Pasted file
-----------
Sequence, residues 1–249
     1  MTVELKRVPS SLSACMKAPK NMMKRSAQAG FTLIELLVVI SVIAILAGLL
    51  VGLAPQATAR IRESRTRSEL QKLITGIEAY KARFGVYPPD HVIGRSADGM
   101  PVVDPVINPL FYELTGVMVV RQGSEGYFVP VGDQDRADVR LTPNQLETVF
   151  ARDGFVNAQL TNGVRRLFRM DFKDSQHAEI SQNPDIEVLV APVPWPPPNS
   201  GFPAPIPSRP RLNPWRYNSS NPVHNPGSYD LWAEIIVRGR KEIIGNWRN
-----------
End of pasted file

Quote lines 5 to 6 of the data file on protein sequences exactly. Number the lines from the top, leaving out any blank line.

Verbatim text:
   151  ARDGFVNAQL TNGVRRLFRM DFKDSQHAEI SQNPDIEVLV APVPWPPPNS
   201  GFPAPIPSRP RLNPWRYNSS NPVHNPGSYD LWAEIIVRGR KEIIGNWRN